To install click the Add extension button. That's it.

The source code for the WIKI 2 extension is being checked by specialists of the Mozilla Foundation, Google, and Apple. You could also do it yourself at any point in time.

Kelly Slayton
Congratulations on this excellent venture… what a great idea!
Alexander Grigorievskiy
I use WIKI 2 every day and almost forgot how the original Wikipedia looks like.
Live Statistics
English Articles
Improved in 24 Hours
Added in 24 Hours
Show all languages
What we do. Every page goes through several hundred of perfecting techniques; in live mode. Quite the same Wikipedia. Just better.

Ancient universities of Scotland

From Wikipedia, the free encyclopedia

The ancient universities of Scotland are medieval and renaissance universities which continue to exist in the present day. The majority of the ancient universities of the British Isles are located within Scotland, and have a number of distinctive features in common, being governed by a series of measures laid down in the Universities (Scotland) Acts 1858–1966. The Universities (Scotland) Act 1966 uses the term 'older universities' to refer to St Andrews, Glasgow, Aberdeen and Edinburgh.[1] The same act provided for the independence from St Andrews of Dundee, which was then granted a similar form of governance under its royal charter.

In common with the other ancient universities of the United Kingdom, the Scottish ancients find themselves administered in a quite different fashion from these new universities (of which there are now fifteen in Scotland) and are granted a number of privileges as a result of their different status.

YouTube Encyclopedic

  • 1/5
    6 365
    26 829
    4 021
    3 613
  • ✪ Rooted in Scotland, influencing the world
  • ✪ The origins of the Scots language - in Scots
  • ✪ The True Story of How the Scots Invented the Modern World & Everything In It (2002)
  • ✪ Professor Dauvit Broun: ‘Ireland and the beginnings of Scotland’. Trinity College, Dublin.
  • ✪ Who were the Greeks? - Ancient History undergraduate taster lecture




Following the creation of the ancient universities before the end of the 16th century, no other universities were formed in Scotland until the twentieth century. The first 'new university' of the era was the University of Strathclyde which received its royal charter in 1964, although it traces its origins back to the Andersonian Institute (also known at various times as Anderson's College and Anderson's University) founded in 1796.[2][3][4][5]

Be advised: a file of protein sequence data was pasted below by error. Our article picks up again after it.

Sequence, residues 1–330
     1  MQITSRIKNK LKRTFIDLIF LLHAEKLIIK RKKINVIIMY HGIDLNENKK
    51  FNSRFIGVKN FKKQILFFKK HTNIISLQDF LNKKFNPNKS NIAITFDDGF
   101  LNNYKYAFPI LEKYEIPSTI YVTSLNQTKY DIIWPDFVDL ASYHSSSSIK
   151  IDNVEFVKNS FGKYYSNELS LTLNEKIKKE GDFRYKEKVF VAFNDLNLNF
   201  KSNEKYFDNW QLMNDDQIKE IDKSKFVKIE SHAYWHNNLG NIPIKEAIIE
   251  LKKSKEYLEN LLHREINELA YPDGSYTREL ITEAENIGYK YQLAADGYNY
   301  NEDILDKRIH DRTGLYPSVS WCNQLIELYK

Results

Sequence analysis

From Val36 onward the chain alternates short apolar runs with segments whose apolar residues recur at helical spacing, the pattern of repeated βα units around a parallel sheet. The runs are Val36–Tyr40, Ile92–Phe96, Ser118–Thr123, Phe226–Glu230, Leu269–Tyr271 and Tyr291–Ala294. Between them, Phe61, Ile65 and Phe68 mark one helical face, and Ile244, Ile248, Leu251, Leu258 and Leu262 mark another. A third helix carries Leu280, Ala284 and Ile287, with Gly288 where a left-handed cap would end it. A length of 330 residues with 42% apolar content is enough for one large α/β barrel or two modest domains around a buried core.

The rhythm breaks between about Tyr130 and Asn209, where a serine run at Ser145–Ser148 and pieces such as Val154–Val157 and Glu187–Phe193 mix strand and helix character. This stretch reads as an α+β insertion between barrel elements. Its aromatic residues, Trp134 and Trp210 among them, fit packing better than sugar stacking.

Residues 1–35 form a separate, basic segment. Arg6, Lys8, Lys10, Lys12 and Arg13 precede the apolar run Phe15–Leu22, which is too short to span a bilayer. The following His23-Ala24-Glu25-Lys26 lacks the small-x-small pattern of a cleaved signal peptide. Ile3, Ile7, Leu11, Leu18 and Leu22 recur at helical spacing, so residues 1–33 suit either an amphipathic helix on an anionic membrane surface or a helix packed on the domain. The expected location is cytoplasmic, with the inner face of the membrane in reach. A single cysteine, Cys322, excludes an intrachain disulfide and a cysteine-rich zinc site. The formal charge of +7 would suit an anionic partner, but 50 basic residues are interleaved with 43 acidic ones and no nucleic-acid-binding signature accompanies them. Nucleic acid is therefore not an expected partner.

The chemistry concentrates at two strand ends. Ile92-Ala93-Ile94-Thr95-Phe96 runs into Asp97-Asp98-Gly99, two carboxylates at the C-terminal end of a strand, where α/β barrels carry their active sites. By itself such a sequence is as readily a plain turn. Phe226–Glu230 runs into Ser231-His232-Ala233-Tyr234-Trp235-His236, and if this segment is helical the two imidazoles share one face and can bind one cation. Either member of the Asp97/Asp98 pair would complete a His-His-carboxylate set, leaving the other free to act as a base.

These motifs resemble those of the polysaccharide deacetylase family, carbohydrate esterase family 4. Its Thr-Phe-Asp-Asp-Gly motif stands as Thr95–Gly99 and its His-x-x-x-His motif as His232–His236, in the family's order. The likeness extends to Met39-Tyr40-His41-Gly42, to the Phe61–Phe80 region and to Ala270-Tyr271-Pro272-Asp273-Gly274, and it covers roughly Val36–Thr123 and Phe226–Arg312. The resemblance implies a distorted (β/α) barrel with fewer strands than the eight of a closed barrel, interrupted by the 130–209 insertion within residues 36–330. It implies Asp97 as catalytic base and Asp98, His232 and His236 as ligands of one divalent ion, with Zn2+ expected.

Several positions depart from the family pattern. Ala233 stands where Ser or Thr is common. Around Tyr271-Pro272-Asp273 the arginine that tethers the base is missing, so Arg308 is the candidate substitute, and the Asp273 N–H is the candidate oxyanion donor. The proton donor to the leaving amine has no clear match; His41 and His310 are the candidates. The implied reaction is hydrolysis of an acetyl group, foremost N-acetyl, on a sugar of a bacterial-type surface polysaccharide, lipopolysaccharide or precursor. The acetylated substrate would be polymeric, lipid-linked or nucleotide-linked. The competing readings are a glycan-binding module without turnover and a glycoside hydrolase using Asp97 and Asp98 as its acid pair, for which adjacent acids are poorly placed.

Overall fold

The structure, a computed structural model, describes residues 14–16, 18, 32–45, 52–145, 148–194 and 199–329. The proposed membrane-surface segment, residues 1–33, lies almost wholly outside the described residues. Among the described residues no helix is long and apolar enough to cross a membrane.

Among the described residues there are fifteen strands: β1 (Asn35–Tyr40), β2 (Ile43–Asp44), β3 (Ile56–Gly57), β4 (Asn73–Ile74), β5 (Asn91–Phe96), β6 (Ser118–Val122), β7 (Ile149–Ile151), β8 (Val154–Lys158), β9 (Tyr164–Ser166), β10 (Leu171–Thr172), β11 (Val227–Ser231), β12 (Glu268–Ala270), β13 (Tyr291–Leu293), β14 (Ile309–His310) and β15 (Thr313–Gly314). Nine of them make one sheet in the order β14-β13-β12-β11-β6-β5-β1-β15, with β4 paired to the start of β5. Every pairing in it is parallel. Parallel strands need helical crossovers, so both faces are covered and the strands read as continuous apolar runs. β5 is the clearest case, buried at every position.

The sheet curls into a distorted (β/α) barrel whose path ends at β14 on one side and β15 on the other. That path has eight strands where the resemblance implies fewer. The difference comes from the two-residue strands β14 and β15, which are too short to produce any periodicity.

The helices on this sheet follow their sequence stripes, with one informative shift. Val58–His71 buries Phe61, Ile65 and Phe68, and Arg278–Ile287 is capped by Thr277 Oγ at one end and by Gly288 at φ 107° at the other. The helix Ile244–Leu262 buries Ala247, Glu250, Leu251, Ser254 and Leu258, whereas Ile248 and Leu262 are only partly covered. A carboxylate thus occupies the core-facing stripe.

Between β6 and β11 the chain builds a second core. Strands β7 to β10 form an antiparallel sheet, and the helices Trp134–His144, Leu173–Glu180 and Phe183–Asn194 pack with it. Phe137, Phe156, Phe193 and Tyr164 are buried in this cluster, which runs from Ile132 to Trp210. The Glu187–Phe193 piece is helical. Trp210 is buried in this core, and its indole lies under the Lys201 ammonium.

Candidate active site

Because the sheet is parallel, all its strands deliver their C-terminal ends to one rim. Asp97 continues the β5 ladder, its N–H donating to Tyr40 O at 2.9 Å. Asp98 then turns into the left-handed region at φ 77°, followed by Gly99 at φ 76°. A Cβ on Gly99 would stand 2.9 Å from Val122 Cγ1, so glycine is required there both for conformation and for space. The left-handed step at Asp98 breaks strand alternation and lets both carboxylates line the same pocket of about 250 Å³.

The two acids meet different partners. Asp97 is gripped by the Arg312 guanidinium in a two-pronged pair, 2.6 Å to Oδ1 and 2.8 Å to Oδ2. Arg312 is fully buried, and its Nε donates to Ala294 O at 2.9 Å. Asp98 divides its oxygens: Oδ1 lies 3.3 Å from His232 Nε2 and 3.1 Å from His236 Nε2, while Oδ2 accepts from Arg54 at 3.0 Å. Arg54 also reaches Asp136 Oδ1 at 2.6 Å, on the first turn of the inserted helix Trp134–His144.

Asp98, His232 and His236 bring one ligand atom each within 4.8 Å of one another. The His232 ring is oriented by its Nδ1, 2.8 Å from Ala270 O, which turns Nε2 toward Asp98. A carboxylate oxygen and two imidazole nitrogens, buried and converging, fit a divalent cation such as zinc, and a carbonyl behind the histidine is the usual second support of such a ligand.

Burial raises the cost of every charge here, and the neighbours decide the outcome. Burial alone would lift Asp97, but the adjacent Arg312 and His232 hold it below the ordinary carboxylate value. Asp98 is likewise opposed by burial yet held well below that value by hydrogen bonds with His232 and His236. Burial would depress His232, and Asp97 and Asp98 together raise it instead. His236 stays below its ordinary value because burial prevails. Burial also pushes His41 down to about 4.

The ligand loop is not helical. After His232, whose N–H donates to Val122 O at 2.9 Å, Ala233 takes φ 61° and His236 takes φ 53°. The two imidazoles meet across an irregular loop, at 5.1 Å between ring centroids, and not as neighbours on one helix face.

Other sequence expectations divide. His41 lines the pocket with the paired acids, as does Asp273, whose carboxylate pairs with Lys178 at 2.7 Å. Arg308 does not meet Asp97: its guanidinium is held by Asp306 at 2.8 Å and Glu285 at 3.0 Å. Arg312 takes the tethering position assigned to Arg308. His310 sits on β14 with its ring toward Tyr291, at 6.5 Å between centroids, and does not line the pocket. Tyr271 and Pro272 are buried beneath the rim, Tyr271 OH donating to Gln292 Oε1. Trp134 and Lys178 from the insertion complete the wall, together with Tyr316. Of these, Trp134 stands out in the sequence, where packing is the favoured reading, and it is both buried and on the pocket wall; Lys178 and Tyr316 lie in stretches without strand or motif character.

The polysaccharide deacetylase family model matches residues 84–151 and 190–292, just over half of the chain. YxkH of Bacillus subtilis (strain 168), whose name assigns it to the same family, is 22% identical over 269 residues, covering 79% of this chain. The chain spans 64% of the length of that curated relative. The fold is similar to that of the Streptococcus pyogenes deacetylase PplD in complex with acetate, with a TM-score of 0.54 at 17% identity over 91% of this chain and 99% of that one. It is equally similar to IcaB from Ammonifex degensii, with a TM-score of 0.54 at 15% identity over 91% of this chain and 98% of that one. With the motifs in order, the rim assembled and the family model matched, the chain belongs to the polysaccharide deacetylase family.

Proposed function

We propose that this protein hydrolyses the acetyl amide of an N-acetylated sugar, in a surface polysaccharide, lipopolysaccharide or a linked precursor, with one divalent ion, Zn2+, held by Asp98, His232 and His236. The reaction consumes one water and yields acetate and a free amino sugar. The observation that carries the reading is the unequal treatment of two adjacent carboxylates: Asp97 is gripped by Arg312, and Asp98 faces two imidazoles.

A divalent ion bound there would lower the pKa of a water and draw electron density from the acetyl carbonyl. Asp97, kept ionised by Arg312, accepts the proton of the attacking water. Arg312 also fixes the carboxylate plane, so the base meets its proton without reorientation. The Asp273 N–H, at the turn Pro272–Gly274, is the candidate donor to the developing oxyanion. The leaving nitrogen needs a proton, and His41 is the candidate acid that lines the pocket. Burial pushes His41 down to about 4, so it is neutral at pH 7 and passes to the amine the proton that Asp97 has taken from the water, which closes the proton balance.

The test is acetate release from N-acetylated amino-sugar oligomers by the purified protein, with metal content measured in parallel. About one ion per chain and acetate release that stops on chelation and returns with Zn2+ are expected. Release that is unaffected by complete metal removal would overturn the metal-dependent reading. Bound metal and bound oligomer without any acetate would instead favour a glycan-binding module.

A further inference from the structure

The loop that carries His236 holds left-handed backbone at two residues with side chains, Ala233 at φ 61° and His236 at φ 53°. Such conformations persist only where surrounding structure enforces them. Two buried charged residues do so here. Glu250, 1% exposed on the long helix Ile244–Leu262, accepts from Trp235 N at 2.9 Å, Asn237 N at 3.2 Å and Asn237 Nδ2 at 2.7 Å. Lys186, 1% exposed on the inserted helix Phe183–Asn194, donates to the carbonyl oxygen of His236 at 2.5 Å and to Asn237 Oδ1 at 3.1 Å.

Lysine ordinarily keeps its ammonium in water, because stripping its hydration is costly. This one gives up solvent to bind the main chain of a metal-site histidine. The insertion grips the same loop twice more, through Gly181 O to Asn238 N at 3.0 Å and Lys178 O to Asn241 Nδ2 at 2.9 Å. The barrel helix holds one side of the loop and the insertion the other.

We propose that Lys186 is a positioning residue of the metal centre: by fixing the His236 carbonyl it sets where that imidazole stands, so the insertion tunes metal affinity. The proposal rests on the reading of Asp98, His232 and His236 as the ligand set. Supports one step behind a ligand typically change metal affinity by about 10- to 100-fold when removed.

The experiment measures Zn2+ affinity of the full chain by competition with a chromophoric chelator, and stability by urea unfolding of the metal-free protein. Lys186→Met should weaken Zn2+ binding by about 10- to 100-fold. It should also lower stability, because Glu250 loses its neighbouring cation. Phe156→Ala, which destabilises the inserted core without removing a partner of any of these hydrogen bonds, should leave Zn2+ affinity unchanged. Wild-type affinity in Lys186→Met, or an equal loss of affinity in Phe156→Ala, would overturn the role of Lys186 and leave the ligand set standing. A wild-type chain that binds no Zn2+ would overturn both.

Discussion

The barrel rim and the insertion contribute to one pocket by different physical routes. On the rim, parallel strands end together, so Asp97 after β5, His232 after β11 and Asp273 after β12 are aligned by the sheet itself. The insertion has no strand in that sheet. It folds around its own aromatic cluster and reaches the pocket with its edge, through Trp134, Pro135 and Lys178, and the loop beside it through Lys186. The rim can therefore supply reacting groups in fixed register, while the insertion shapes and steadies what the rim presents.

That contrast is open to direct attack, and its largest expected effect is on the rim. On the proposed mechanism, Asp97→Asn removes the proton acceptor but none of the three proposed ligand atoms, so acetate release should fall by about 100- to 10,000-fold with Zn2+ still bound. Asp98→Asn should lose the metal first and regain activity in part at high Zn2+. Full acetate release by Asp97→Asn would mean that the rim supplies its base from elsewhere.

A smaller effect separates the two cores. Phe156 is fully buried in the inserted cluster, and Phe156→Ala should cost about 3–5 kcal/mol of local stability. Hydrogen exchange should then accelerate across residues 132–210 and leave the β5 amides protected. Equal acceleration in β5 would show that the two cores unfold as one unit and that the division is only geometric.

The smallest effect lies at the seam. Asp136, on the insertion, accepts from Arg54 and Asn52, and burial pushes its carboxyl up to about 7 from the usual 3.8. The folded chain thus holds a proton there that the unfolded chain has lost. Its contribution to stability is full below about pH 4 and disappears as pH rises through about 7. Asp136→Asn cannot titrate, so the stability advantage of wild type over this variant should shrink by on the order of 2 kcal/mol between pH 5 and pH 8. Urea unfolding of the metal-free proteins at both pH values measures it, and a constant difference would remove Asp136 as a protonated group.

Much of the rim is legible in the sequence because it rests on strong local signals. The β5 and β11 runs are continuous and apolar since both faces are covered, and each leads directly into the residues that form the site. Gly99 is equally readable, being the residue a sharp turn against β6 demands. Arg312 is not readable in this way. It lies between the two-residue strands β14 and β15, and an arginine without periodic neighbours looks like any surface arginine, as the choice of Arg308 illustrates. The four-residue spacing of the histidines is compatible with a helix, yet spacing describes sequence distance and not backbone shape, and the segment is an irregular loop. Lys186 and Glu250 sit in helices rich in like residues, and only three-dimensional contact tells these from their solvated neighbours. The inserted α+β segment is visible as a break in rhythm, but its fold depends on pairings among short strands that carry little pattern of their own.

Most sources cite four ancient universities of Scotland which are, in order of foundation:

St Andrews

St Salvator's Chapel, St Andrews
St Salvator's Chapel, St Andrews

The University of St Andrews owed its origin to a society formed in 1410 by Laurence of Lindores, archdeacon Richard Cornwall, bishop William Stephenson and others. Bishop Henry Wardlaw (died 1440) issued a charter in 1411 and attracted the most learned men in Scotland as professors. In 1413 Avignon Pope Benedict XIII issued six bulls confirming the charter and constituting the society a university. University College Dundee (founded in 1891) was absorbed into St Andrews University (1897), subsequently becoming Queen's College (1954). The University of Dundee separated from the University of St Andrews in 1967.


The Main Building of the University of Glasgow, from Kelvingrove Park
The Main Building of the University of Glasgow, from Kelvingrove Park

The University of Glasgow was founded in 1451 by a papal bull of Pope Nicholas V, at the request of King James II, giving Bishop William Turnbull permission to add the university to the city's cathedral.[6] Its founding came about as a result of King James II's wish that Scotland have two Universities, to equal Oxford and Cambridge of England.[citation needed]


King's College, Aberdeen
King's College, Aberdeen

No college is mentioned in the foundation bill, only a university and it was the "University of Aberdeen" by that name which was established in 1495. Subsequently, a single college, originally known as St. Mary of the Nativity, was established (it was founded by William Elphinstone, Bishop of Aberdeen, who drafted a request on behalf of King James IV to Pope Alexander VI which resulted in a papal bull being issued). Soon the entity came to be called King's College, after its royal founder James IV.